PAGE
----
The legend of the Phoenix has been around for thousands of years. The story of its fiery death and subsequent rebirth, rising from its own ashes, can be found in ancient Greek, Egyptian, Hindu, Russian, and Chinese cultures, to name just a few.
Although the image of the firebird is sometimes associated with royalty due to the expensive purple dye produced by the “Phoenicians,” it is most commonly recognized as a powerful symbol of rebirth and renewal. Its imagery of self-reincarnation has been claimed by many an individual facing a personal setback of one sort or another.
- Have you ever seen a sports team declare that they will “rise from their ashes” after losing a game?
- How about a politician saying something similar after losing an election?
- What are some other examples?
- Have you ever claimed that imagery after a personal defeat of some sort?
Interestingly, a phoenix always returns to its prior status⎯never more or less than it was.
However, when people use the imagery of rising from their own ashes, they more often than not are implying that they will come back better and stronger the next time. The lessons learned in defeat will actually empower them going forward. Even traditional concepts of reincarnation carry a similar idea of advancing in some way in the next life, if you are “good” in this one.
- When a sports team says they will “rise from their ashes,” do they mean, “We will wash out in the quarter finals next year, just like we did this year” or do they envision something better?
- What about the politician? Does he plan to spend a similar amount of time and money campaigning, only to narrowly lose again in the next election?
- How about yourself, don’t you usually hope for an increase?
Generally speaking, most of us are hoping for some sort of improvement in our status quo, especially if we have just suffered a loss. We aren’t asking for more of the same, but rather for a new and better version of whatever it is. Make it to the finals and maybe even win the championship this year. Take the election in a landslide. Get that raise plus a corner office.
In today’s lesson in John 12:20-36, Christ doesn’t use the imagery of the phoenix, although it was probably well known to Him and would seemingly fit well with the recent resurrection of Lazarus. Rather, He chooses the image of a seed, falling into the ground and dying.
When a seed is planted into the ground, it doesn’t just produce another seed. Rather, it produces an entire plant that produces a multitude of seeds, which give rise to even more plants and more seeds, in perpetuity.
- Since Christ chose this analogy, who is the original seed to literally be planted into the ground that He refers to?
- What is the “plant” that grows up as a result of that planting?
- Who are the new seeds that are modeled after the original seed?
- In what ways have these new seeds been planted and passed on generation after generation over the years?
The concept of “dying to oneself” takes on a whole new meaning in this context. It is no longer simply about being humble, or forgiving, or even self-sacrificing in the ordinary sense. It is bigger than that.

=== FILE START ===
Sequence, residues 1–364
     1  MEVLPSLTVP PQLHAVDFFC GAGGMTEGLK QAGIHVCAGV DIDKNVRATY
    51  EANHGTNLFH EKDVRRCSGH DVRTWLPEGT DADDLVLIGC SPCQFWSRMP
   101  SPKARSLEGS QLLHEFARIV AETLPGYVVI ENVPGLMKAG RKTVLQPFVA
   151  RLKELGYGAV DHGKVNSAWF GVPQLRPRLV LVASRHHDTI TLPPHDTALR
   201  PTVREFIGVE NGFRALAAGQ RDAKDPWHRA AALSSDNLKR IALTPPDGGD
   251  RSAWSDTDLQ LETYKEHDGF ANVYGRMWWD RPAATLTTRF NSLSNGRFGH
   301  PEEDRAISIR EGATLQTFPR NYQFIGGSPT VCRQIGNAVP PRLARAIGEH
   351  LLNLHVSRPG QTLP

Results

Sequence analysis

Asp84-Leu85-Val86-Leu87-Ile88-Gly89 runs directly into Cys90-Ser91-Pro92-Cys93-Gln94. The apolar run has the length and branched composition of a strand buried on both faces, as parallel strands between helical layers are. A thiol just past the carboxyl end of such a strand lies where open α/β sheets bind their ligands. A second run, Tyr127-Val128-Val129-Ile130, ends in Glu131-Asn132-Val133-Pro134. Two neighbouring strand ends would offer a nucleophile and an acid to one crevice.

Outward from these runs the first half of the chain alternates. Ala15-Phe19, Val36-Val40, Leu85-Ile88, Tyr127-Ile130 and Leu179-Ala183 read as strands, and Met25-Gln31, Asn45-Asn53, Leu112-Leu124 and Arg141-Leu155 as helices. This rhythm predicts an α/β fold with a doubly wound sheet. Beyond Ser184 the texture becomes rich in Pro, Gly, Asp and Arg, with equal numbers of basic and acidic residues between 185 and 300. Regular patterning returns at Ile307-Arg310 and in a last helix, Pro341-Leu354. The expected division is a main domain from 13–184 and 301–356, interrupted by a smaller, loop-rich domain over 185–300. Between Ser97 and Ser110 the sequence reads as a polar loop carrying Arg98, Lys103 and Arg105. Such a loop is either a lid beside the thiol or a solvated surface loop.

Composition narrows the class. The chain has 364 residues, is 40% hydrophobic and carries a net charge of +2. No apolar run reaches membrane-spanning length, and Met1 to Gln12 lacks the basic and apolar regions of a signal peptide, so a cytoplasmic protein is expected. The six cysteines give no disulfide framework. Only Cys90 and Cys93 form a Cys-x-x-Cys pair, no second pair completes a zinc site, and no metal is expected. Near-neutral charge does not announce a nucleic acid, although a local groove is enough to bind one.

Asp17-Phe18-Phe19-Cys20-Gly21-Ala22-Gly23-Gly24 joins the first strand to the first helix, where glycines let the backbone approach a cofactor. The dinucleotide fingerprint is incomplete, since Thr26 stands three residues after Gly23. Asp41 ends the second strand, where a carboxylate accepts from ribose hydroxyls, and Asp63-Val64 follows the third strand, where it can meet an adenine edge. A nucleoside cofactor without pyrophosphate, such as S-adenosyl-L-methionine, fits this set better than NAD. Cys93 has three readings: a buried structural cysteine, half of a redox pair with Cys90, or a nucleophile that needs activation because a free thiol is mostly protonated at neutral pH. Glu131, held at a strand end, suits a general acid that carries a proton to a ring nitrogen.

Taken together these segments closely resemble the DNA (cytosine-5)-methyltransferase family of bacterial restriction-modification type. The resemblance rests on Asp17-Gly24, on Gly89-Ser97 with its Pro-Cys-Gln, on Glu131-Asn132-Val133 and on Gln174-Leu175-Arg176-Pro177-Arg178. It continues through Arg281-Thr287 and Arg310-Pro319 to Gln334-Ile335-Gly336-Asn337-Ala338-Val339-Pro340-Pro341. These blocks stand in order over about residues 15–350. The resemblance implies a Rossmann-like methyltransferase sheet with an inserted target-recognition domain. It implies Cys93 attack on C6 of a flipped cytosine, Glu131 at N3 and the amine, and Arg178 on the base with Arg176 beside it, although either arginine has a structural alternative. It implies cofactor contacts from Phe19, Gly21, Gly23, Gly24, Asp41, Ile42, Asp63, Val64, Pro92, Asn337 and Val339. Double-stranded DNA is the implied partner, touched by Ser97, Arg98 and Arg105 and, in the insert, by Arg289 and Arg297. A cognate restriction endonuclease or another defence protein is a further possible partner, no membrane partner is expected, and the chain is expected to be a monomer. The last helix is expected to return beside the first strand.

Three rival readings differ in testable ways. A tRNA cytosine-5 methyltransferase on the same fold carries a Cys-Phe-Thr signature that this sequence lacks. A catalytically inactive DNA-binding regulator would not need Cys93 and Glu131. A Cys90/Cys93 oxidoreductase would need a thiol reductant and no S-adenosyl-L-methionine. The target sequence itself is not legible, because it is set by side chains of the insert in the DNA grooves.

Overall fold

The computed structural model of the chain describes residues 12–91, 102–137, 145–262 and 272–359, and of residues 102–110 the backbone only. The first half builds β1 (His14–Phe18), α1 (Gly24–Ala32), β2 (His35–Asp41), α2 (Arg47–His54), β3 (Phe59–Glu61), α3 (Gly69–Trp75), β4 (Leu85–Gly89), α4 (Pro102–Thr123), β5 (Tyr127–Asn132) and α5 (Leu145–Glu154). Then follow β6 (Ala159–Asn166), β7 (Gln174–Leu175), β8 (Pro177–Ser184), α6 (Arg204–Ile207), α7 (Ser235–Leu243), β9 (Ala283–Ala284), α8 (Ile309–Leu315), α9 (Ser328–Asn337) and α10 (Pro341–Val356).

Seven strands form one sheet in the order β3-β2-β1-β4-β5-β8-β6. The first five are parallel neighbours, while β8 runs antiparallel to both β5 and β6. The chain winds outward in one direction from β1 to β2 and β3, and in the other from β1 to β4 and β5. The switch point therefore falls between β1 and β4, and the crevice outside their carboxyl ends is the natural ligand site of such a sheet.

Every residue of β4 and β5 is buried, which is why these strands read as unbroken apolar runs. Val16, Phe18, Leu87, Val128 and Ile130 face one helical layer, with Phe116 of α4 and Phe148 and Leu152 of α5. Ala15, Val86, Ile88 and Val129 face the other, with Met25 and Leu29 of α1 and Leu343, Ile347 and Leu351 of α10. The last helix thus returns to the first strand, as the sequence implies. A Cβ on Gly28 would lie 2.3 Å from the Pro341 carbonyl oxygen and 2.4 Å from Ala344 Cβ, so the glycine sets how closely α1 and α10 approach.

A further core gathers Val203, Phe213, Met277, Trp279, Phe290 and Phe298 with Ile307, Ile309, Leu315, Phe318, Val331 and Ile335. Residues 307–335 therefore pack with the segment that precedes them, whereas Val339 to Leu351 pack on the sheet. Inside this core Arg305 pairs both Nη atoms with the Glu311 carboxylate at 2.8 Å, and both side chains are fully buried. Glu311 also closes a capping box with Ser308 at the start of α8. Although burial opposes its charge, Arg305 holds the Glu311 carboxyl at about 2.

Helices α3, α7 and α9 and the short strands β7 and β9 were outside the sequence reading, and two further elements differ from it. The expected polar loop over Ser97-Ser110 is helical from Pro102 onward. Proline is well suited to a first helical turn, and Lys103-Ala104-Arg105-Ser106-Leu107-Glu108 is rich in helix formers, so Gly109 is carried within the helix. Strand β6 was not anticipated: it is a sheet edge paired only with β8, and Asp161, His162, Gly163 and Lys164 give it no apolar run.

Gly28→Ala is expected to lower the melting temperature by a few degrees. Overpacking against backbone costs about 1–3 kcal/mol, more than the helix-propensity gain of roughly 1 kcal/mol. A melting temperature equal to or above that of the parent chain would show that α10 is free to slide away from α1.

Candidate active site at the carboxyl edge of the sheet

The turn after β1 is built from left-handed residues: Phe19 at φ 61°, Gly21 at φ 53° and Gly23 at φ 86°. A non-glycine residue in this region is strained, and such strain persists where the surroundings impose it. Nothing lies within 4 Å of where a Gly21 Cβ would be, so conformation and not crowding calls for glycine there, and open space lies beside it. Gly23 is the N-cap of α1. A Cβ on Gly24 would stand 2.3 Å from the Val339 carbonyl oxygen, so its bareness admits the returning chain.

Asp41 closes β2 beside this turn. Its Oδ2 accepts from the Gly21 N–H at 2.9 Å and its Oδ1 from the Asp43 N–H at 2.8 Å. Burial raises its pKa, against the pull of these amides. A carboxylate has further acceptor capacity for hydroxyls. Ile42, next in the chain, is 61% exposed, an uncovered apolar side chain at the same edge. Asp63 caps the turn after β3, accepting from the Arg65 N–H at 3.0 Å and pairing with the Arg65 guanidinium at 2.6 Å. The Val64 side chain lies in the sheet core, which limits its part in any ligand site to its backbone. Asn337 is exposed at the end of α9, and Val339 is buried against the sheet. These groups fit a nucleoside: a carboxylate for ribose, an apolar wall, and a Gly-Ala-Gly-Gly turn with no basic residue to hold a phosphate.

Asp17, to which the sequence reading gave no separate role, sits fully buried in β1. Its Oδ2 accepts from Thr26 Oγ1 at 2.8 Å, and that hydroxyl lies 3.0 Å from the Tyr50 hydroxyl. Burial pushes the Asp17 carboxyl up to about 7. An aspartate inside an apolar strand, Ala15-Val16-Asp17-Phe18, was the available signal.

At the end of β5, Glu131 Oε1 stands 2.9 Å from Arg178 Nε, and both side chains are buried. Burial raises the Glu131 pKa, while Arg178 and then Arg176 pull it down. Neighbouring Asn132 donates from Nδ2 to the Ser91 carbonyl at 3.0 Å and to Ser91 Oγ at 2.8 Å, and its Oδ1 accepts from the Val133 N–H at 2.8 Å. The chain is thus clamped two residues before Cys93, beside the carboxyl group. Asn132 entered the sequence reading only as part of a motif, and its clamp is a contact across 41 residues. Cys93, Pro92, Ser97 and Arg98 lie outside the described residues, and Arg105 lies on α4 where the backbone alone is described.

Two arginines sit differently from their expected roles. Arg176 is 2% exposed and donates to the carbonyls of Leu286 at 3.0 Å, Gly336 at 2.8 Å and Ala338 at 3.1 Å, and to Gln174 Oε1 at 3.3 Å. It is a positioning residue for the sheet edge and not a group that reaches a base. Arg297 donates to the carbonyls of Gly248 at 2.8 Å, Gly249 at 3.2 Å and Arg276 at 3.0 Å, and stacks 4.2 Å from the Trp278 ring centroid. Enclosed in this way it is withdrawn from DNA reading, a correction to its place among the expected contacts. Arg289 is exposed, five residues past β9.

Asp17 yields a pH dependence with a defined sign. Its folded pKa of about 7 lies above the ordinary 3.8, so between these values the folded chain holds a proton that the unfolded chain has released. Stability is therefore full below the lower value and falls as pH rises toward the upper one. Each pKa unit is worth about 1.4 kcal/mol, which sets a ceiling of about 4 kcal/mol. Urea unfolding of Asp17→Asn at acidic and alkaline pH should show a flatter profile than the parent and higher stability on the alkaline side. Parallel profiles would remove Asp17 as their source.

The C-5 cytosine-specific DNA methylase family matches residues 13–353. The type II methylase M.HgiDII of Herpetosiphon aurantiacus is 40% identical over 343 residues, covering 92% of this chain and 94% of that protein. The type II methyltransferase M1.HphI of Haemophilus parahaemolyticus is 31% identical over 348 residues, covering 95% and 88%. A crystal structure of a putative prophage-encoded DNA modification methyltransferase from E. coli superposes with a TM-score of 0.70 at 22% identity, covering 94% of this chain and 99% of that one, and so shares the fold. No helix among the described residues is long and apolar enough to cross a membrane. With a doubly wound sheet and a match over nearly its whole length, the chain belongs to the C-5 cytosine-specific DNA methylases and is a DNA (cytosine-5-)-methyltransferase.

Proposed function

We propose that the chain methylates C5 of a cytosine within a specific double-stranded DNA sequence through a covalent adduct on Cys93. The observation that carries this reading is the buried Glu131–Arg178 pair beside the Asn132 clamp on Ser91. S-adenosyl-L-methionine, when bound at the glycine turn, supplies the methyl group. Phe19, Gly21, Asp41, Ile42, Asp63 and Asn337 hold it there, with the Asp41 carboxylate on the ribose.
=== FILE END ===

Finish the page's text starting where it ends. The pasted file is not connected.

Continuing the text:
If you are a seed, your sole (soul) purpose in life is to be used up in the creation of more seeds and seed making machinery. You become, in essence, a link in a gigantic spiritual chain that stretches from the empty tomb on one end then off into eternity at the other end.
Sometimes, we fall into the trap of believing that Christianity is about God helping us become the very best version of ourselves possible. But, He doesn’t want a kinder, gentler version of us. He wants to radically transform us into true Christians or “little Christs.” And those little Christs will in similar fashion die to themselves, be buried, and then be resurrected into a new disciple-making life that produces even more little Christs.
God wants to radically transform us into true Christians or “little Christs.”
- We have all seen the “Celebrate Recovery” signs around town and we should celebrate, just as the angels do, but should we stop there? Is God satisfied with our sobriety or does He desire something more for us?
- Sobriety is just one area where God brings healing. What are some other areas? Personal sin? Interpersonal failings?
- Is the healing that God brings an end in itself or is it just the beginning of a transformed life lived for His glory?
- Is the modern Church primarily focused on fixing problems or on making disciples? Is it an “either/or” proposition or a “both/and” proposition? Can we make disciples while fixing problems or fix problems while making disciples?
- How about your own life? Is your faith primarily about what you can get or what you can give? Are both important and even interrelated?
God has a plan and a purpose for each of our lives.
That plan and purpose begins with healing and forgiveness, but it does not stop there. God wants to transform us and use us in mighty ways. He is not trying to create better versions of us, but rather to remake us entirely in the image of His Son. He wants each of us to be a seed, not a phoenix.
NOTE: This post is adapted from my Life’s Big Questions Series, which encourages readers to examine all of life’s questions in the light of Scripture.
Whether used for personal devotions, as family discussion guides, or in a study group, this series provides an invaluable resource for enhancing your spiritual walk.